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Alien life - Where would we look?

Ken Tapping's weekly astrophysics column from the Herzberg Institute

Here on Earth we find living creatures almost everywhere. We find them in the deserts, at the poles, in near-boiling hot springs, in far hotter than boiling black smokers on the sea bottom, and in cavities in the rock, kilometres underground. Knowing this, the idea of life somewhere on Mars does not sound far-fetched. However, such life could be very exotic and hard to get to. The Big Question is then “How do we look for it?” It probably won’t be a case of having a Martian walk up to the camera on one of the Mars Rovers and wave to us, or to walk up to a visiting astronaut and ask to be taken to our Leader.

Life on Earth is driven by chemistry, and many of the chemicals involved are highly-reactive and are unlikely to form in nature, or if they do, occur at very low concentrations. It is inevitable that chemicals processed by living things find their way into the land, ocean and atmosphere. Some remain for long periods; others promptly react with something and are removed. So the presence of these chemicals on a planet is evidence of life.  Some chemicals end up sequestered in the rocks and are evidence of life in the past. Others are so highly reactive and must be continually topped up, and are evidence of living creatures being present now.

Calcium carbonate is a chemical formed in oceans and its presence on Mars indicates a lot of water was present in the past. However, many marine creatures extract it from their environment to make shells and other body structures. When they die their remains fall to the bottom, producing huge deposits of concentrated calcium carbonate. Their presence raises a strong flag for life.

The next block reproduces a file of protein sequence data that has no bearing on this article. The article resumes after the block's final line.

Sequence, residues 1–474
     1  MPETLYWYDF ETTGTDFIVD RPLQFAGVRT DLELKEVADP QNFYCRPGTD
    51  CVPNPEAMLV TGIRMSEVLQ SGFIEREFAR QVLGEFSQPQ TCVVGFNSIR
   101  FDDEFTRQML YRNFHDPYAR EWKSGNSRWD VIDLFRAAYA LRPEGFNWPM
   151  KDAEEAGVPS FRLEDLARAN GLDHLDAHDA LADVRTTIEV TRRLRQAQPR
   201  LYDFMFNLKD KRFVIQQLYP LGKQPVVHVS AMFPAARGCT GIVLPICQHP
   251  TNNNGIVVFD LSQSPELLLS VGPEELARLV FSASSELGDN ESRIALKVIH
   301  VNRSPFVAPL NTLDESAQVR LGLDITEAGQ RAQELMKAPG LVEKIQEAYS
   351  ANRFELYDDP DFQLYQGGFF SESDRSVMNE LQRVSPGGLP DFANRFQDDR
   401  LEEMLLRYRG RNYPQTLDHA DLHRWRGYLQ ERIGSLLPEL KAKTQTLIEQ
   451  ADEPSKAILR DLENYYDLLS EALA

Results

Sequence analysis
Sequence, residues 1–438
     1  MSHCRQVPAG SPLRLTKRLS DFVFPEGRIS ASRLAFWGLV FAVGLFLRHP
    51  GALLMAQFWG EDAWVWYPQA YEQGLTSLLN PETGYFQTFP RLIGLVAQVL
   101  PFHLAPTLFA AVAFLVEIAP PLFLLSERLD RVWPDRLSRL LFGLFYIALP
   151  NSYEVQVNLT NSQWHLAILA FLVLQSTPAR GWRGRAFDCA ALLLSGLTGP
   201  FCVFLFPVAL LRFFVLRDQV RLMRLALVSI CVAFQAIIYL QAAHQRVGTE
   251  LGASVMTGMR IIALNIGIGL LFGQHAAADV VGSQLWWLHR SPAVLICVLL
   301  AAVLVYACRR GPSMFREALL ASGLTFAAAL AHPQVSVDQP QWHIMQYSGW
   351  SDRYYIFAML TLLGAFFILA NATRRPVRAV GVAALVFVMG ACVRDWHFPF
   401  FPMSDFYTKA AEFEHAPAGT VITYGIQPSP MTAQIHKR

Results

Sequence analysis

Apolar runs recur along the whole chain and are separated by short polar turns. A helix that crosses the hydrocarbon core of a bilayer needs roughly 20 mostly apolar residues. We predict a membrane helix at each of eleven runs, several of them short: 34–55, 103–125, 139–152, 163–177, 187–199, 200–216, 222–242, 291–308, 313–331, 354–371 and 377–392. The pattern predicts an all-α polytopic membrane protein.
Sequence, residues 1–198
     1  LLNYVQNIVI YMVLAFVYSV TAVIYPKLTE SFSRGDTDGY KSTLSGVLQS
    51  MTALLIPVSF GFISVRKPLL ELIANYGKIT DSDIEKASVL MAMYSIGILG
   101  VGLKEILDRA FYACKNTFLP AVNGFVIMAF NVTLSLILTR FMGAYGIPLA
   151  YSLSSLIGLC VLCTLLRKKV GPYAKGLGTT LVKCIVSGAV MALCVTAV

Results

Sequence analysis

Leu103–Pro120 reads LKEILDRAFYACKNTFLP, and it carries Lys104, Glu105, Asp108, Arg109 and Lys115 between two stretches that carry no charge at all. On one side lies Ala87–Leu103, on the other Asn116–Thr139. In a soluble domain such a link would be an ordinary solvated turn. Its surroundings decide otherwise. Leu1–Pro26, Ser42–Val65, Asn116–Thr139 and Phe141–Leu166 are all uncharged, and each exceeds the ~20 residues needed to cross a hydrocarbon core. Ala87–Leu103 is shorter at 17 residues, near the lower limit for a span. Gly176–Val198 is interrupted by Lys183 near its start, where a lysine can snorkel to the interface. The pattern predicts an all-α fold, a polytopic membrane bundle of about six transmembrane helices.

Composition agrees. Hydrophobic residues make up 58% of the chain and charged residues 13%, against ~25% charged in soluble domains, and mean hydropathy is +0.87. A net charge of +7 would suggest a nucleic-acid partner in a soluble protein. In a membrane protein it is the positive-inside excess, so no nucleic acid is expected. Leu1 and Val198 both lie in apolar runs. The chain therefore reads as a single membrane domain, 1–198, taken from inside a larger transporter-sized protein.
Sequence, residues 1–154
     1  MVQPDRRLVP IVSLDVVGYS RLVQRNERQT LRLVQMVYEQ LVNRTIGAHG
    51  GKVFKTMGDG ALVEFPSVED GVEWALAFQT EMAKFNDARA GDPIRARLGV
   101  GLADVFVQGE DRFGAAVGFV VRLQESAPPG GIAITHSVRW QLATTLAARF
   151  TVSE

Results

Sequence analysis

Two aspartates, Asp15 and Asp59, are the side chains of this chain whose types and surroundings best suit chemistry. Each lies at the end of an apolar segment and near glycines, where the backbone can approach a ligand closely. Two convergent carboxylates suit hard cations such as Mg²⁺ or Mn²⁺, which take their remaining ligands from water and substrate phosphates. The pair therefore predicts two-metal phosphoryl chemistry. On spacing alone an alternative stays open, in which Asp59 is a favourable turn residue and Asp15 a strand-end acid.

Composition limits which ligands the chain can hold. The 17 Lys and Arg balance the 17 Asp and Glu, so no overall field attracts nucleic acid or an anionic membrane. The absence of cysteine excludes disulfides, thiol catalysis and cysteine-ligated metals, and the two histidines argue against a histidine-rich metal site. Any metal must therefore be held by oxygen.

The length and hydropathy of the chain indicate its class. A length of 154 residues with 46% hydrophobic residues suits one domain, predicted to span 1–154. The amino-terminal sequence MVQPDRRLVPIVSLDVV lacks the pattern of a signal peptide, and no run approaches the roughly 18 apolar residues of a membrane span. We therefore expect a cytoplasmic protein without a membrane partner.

On Earth, calcium carbonate exists in rocks such as chalk, as in the “White Cliffs of Dover”, and limestone. chalk is composed of countless small shells, and limestone is made up of coral fragments and remains of small sea creatures. Amber is fossilized resin and an indicator of past life.

Oxygen is produced by plants. It is so reactive that if not continuously replaced it would rapidly combine with something to form a more inert substance. Mars’oxygen is now largely locked up in the red minerals covering its surface, which are rich in iron oxide. Another substance that raises questions if present in a planet’s atmosphere is methane, which is produced by living creatures during life and when they decay after death.

The possibility of life deep underground is intriguing. The question is, where do we look? We won’t be mining on Mars for some time yet.  However, it turns out that large craters may be good places. We are familiar with asteroid impacts as wipers-out of life. However, by pulverizing the rocks to great depths, they allow water and nutrients to penetrate deep down, to the benefit of life forms in the rock. It might also bring either the living creatures or their by-products closer to the surface, where we can more easily search for them.

Jupiter is low in the sunset glow; Venus is higher up and brilliant, and will be nicely close to the Moon on the 24th.  Mars is high in the south, close to the brightish star Regulus, in Leo; Saturn rises about 8 p.m., quite close to Spica, the brightest star in Virgo. The Moon will reach first quarter on the 29th.

Ken Tapping is an astronomer with the National Research Council’s Herzberg Institute of Astrophysics, and is based at the Dominion Radio Astrophysical Observatory, Penticton, BC.